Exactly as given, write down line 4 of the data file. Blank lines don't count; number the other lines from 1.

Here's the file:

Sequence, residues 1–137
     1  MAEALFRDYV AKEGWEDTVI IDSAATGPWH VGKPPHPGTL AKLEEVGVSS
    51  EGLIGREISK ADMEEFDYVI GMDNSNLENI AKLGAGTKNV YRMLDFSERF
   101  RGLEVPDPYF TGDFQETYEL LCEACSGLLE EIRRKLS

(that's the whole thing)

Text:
   101  RGLEVPDPYF TGDFQETYEL LCEACSGLLE EIRRKLS